One of the most popular places to get Ang Ku Kueh in Singapore is Ji Xiang Confectionery 吉祥 at Everton Park (“Ji” means “luck”, while “xiang” means “prosperity”).

It has opened a new outlet at Bugis Street earlier in 2021, and this will be expanded with a mini museum along with hands-on Ang Ku Kueh making classes in the future.

The family-run business started out from a kitchen in a HDB flat, and its popularity led them to this space at Everton Park in 1988.

This new Bugis outlet is helmed personally by the younger son, Mr. Kelvin Toh.

“Ang Ku Kueh” or “Red Tortoise Cake” is an oval-shaped pastry made of sticky glutinous rice flour skin wrapped around a sweet filling in the centre.

It may not occur to you that the 7th day of the Chinese New Year is quite a special one. “Renri” 人日 is celebrated in the Chinese culture as the day human beings were created, thus there are Singaporean Chinese who choose to eat “Ang Ku Kueh” on this special day.

Molded to resemble a tortoise shell and traditionally red in colour, they symbolise longevity and good fortune (because tortoises have long life).

Therefore, they are often given as gifts during festivals such as Chinese New Year, baby’s first month and birthdays.

However, there are also people who just treat them like a nostalgic, delicious snack.

The Everton shop isn’t the easiest to find for non-regulars, a far walk from the nearest MRT station (Outram MRT) and hidden under a block of flats.

You may find often a short queue of people lining up, facing rather ‘hurried’ service. Come after later, and several of the limited flavours would be sold out.

Usually when I head down, there are just two or three types left. The Bugis outlet is more convenient as it is right opposite Bugis Junction at the start of Bugis Village.

Ji Xiang sells a total of eight Ang Ku Kueh flavours ($1 per pc) including peanut, sweet bean, salty bean paste, corn, sesame, coconut, yam ($1) and the seasonal durian ($1.80). To emphasize again, most are usually “sold out”, leaving with peanut and sweet bean.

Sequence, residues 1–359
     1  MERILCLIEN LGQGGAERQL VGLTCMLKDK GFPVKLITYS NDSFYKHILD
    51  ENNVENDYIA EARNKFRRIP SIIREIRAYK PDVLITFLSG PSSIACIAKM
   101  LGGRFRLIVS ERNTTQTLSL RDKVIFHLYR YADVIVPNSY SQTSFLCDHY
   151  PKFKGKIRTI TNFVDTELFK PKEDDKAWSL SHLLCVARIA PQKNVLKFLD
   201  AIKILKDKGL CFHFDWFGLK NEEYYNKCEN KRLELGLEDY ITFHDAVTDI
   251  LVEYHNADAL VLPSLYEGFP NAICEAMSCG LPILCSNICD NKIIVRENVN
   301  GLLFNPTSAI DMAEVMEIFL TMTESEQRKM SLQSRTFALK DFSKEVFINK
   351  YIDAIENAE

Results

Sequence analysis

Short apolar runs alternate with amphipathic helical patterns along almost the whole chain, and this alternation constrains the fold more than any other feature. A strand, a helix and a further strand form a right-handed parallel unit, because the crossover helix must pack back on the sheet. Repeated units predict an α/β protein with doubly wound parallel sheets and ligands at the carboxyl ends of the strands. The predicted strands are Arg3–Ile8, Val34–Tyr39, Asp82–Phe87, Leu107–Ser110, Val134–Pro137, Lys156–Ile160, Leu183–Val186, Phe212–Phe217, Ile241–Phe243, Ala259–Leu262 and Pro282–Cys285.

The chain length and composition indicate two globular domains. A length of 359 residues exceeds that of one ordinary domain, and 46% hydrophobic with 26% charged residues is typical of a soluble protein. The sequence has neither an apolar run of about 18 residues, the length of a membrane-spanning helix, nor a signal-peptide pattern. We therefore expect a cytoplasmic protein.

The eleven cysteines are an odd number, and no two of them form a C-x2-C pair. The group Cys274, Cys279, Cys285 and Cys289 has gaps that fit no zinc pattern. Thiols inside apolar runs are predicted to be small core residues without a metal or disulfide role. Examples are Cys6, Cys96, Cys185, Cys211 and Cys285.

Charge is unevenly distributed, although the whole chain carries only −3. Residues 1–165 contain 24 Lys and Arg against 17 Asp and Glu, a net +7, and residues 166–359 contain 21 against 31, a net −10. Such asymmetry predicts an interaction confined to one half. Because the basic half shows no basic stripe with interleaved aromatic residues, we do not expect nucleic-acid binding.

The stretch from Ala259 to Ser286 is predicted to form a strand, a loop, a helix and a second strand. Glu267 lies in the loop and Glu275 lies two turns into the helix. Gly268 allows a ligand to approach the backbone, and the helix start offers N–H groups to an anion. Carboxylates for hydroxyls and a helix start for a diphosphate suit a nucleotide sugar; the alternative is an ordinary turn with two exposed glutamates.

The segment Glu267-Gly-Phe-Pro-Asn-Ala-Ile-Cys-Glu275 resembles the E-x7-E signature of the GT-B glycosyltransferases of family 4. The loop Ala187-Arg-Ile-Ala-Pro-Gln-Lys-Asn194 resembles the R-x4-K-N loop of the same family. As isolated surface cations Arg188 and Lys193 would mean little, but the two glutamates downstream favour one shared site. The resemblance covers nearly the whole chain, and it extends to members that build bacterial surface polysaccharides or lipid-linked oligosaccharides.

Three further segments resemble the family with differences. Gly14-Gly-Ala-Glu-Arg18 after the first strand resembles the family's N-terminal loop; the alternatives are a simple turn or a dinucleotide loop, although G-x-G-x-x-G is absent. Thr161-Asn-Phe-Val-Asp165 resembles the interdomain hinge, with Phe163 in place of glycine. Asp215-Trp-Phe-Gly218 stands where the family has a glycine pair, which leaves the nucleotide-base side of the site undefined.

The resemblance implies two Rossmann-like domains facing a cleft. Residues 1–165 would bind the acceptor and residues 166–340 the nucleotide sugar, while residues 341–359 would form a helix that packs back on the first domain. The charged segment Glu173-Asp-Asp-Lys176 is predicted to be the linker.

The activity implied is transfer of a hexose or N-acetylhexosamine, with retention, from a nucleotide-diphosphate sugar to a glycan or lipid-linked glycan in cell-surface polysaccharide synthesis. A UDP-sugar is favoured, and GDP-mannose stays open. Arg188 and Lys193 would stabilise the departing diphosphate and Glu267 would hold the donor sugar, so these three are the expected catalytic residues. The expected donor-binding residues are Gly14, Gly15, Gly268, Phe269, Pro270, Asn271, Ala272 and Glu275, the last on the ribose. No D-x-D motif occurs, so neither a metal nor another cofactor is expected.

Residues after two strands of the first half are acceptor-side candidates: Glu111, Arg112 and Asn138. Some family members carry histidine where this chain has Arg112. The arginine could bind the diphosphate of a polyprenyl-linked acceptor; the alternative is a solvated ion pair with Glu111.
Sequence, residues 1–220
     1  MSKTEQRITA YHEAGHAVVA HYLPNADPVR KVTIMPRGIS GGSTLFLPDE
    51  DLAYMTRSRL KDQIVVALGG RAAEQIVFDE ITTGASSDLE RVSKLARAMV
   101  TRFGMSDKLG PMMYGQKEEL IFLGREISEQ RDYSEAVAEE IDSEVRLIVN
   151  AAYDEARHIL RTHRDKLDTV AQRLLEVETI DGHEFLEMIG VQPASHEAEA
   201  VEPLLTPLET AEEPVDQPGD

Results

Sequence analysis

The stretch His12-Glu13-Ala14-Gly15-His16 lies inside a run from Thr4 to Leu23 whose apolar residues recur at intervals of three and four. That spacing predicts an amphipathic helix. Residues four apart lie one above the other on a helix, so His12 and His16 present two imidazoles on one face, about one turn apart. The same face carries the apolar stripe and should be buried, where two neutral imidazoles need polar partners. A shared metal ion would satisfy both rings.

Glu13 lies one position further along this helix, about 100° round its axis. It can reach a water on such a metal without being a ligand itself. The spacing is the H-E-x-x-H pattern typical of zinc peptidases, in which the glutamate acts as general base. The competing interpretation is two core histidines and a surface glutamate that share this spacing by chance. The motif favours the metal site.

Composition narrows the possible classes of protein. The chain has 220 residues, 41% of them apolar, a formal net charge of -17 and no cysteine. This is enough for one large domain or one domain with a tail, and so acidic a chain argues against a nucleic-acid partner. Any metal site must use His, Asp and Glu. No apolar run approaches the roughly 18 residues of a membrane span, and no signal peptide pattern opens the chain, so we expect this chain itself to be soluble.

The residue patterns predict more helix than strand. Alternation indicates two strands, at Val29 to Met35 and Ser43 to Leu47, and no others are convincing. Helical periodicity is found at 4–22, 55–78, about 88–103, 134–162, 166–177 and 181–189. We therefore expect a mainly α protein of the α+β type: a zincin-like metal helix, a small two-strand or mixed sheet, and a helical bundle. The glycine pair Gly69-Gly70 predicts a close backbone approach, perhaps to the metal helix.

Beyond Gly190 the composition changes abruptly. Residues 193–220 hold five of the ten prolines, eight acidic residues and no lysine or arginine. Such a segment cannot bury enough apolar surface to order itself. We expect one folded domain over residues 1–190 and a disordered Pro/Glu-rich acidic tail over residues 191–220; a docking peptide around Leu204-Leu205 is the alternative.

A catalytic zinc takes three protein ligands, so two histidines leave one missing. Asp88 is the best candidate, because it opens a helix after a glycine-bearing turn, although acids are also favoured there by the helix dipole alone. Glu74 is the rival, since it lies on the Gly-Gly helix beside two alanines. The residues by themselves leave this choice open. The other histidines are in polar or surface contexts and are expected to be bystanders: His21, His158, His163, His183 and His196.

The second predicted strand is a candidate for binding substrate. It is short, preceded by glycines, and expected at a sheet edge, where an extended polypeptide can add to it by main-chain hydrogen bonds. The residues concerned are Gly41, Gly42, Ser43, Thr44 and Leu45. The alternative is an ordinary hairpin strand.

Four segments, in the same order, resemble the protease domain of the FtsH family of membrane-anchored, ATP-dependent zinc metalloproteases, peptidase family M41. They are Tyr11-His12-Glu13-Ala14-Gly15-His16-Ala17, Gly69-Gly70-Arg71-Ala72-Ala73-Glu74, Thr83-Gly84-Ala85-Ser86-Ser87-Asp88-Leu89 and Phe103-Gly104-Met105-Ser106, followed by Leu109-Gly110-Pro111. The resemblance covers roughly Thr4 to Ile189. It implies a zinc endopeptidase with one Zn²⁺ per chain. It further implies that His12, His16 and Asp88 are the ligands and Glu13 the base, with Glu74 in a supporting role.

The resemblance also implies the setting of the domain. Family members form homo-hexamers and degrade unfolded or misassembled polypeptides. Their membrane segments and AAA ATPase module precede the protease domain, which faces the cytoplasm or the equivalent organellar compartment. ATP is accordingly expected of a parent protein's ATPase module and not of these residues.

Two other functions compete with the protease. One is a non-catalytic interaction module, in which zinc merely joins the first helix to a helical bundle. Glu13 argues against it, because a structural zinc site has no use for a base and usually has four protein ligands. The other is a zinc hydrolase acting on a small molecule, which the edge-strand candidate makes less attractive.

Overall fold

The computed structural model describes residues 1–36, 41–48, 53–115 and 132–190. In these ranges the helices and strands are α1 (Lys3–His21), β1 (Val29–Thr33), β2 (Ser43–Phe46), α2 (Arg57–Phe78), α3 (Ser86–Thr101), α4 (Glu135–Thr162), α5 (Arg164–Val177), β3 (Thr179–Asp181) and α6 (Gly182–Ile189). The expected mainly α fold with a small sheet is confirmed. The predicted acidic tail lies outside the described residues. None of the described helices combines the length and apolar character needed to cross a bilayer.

Each is distinguished by the different colour of the skin.

What I liked about their Ang Ku Kueh was their warm (especially when you eat it fresh), soft, slightly sticky skin that won’t stick to the teeth.

Also, the peanut and mung bean fillings were fragrant, yet not too sweet.

If you are buying the kueh home to consume the next day, it is recommended to leave them in room temperature and not in the refrigerator as they do not contain any preservatives.

And NOT to be microwaved.

Recently, I got my hands on their “Rainbow Connection” Care Package, which cost $29 for 6 pieces with reusable bamboo steamer, and inclusive of delivery fee.

Customers can pick from any of the 2 filling flavours, including Peanut, Sweet Bean, Savoury Bean, Coconut or Yam.

The solid colour kuehs can be found for a “Rainbow Ultimate Set” ($55 with reusable bamboo steamer and delivery). WhatsApp +65 9888 8500 to enquire, as they have very limited sets left.

Ji Xiang Confectionery – Bugis
Bugis Street, 235 Victoria Street Singapore 188027
Tel: +65 9888 8500
Opening Hours: 9am – 5pm (Mon – Sun)

Ji Xiang Confectionery – Everton
Block 1 #01-33 Everton Park, Singapore 081001
Tel: +65 6223 1631
Opening Hours: 8:30am – 5pm (Mon – Sat), Closed Sun, PH

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2 COMMENTS

  1. Ji Xiang sells a total of eight Ang Ku Kueh flavours ($1 per pc) which include peanut, sweet bean, salty bean paste, corn, coconut, yam ($1) and the seasonal durian ($1.80).

    Errr, only 7 flavors n 2 of them not available at the bugis outlet (corn n durian iirc).

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